Richins and Dawson (1992) conceptualized materialism as a consumer value with three components: centrality (acquisition centrality), happiness (acquisition as the pursuit of happiness), and success (possession-defined success). Meaning that the value of possession for the materialistic person is in its ability to confer status and project a desired self-image.

The findings of that study show that blue-collars have the highest level of materialism and that religious individuals show low levels. It also shows that the individuals who scored high on materiality exhibit low level of happiness. This was suggested to be due to their unwillingness to share their wealth or possessions even with family and friends.

In their study Muncy and Eastman (1998) discovered a relationship between materialism and consumer ethics. They propose that this is because materialistic individuals become obsessed with acquiring material possessions at the expense of other pursuits such as religion, family or friends. So their need to consume is more important than ethical values. Those individuals need to acquire more and more but due to the limitation of time, they may take short-cuts in order to gain wealth faster. This leads to a general deterioration of their ethical standards, especially because they have less spiritual outlooks. If this is applied to Maslow's Hierarchy, it is implies that the higher needs are harder to achieve by consumption, for example self-actualization, which the highest sense of fulfillment is not attainable by material possessions.

Is encouraging materialism socially irresponsible?

If materialism leads to deterioration of cultural values and ethics and is not proved to provide sustainable happiness, then this implies that marketers promoting consumption are being unethical. This challenges the validity of using highly persuasive advertising and questions marketers' efforts to induce more needs and wants in consumers.

Fashion

Fashion is at the heart of all “Consumer Societies”. It is an endless quest for the latest trends and fads. In today's society socially conscious individuals have to keep consuming in order to meet the expectations of their peers. This is fueled by marketers' efforts to create a constant demand for products and services. It has become like an addiction for some people and is unfortunately, highly encouraged by advertising and promotion.

In todays culture it is common to find an individual who does not have enough money to feed his family spending exaggerated sums of money on an expensive mobile phone with unnecessary added features. And with the spread of satellite dish and the internet it has become even easier for marketers to reach consumers with their persuasive advertising in addition to the increased exposure of developing countries to western culture. As result a more destructive kind of consumerism has evolved since developing countries are incapable of supporting the aspirations of their populations to imitate the affluent countries.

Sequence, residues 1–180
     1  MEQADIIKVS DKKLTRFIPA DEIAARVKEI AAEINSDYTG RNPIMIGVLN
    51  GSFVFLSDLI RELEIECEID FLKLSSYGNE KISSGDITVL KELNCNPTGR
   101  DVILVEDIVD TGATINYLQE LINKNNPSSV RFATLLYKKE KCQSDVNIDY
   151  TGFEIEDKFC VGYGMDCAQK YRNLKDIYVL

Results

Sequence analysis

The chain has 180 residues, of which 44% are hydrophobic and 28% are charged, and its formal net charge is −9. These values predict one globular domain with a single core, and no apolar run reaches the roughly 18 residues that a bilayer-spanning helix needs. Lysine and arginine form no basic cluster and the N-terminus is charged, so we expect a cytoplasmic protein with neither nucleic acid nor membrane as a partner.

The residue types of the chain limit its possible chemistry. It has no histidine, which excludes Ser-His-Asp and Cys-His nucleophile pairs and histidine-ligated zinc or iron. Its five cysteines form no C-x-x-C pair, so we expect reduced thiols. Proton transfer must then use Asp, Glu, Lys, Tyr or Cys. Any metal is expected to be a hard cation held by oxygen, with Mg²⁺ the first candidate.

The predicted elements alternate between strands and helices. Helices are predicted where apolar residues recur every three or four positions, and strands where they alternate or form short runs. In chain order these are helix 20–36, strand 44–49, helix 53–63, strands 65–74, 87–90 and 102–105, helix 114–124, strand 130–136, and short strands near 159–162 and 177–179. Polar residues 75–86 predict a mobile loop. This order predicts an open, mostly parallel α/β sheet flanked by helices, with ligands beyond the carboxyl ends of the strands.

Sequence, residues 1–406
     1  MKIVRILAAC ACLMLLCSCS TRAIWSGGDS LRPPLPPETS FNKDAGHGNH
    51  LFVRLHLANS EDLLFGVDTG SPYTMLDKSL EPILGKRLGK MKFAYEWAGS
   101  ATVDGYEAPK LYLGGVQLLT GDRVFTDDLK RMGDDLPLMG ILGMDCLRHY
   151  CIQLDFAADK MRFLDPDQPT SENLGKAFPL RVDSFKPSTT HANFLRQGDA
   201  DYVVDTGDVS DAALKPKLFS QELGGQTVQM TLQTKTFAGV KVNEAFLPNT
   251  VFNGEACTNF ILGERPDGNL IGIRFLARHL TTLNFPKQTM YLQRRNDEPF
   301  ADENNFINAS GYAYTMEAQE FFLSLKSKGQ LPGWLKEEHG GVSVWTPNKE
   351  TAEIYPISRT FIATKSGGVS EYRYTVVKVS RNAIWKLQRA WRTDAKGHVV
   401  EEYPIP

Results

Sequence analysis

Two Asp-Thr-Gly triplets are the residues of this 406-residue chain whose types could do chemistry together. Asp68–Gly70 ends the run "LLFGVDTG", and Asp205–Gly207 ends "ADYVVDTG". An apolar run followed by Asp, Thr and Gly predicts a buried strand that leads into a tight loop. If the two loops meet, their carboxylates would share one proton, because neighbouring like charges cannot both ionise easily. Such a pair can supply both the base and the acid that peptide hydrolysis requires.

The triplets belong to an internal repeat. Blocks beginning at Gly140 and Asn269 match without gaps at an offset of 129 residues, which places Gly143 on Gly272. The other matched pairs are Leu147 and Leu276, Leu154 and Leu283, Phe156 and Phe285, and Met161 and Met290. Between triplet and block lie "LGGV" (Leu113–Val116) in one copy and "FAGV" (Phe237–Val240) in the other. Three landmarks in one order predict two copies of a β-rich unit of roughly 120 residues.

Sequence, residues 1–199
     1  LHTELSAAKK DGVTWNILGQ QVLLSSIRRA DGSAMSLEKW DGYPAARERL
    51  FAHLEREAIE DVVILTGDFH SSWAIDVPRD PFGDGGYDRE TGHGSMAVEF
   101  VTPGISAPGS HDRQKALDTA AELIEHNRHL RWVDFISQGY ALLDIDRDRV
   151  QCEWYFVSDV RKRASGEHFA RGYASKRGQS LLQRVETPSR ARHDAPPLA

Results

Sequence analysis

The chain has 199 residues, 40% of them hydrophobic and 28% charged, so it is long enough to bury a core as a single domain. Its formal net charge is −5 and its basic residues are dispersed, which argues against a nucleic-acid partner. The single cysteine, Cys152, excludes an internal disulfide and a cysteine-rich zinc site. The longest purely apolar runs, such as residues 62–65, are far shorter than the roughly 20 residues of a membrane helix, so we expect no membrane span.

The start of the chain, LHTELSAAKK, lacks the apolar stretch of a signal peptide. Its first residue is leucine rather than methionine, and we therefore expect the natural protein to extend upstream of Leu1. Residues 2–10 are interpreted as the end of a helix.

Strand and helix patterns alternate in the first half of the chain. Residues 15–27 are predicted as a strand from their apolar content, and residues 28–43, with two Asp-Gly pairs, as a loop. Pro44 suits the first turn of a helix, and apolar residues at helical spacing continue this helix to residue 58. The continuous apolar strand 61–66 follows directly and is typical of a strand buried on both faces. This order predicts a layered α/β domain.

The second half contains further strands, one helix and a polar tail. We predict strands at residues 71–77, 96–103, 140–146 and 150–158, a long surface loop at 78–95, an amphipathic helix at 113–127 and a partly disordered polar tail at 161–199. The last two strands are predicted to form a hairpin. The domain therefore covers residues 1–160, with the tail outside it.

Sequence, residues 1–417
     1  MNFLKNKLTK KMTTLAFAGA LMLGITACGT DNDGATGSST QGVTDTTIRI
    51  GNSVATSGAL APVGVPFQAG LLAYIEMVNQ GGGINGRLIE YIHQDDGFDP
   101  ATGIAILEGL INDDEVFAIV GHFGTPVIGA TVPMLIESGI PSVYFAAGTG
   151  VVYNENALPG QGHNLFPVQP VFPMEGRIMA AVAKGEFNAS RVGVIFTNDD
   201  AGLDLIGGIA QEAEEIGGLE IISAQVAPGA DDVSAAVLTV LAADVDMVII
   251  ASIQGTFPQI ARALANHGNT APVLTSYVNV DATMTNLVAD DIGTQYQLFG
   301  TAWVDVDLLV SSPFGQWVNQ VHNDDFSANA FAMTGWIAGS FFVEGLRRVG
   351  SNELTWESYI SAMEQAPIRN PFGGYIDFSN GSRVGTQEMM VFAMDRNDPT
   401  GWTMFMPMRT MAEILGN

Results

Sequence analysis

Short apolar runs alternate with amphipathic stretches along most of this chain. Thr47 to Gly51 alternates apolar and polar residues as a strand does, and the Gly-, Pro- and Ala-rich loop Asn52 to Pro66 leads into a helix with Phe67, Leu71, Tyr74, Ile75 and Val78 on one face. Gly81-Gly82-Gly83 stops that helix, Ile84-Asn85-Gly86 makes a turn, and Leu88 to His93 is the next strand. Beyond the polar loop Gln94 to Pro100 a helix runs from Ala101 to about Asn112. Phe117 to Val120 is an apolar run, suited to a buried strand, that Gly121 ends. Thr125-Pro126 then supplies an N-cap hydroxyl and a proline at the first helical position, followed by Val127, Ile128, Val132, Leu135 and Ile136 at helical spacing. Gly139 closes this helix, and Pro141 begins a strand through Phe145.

The question remains, is it ethical for marketers to take advantage of individual's and nation's false believe that acquiring more possessions will improve their life and improve their image in front of other people or nation?

It is obvious how marketing could be dangerous if used to induce this “consumption addiction”. While not all marketing efforts are harmful, but the constant bombardment of people's minds with more and more items to consume could lead to a distracted population which exhibits lower altruism and more greed and definitely higher debts.
   

References:

Heady, Bruce, Muffels, Ruud and Wooden, Mark (2004). “Money doesn't buy happiness … or does it? A reconsideration based on the combined effects of wealth, income and consumption”, Bonn : Institute for the Study of Labor (IZA) Discussion Paper, July.

Muncy J. A. and Eastman J. K. (1998) “Materialism and Consumer Ethics: An Exploratory Study” Journal of Business Ethics 17: 137–145.

Richins, M. L. and S. Dawson (1992) “A Consumer Values Orientation for Materialism and its Measurement: Scale Development and Validation”, Journal of Consumer Research 19 (3), 303–316.

     
   

Reem Magdy Hassan

This article was done as basis for class discussion by students. They can be reached at Reem.hassan@student.guc.edu.eg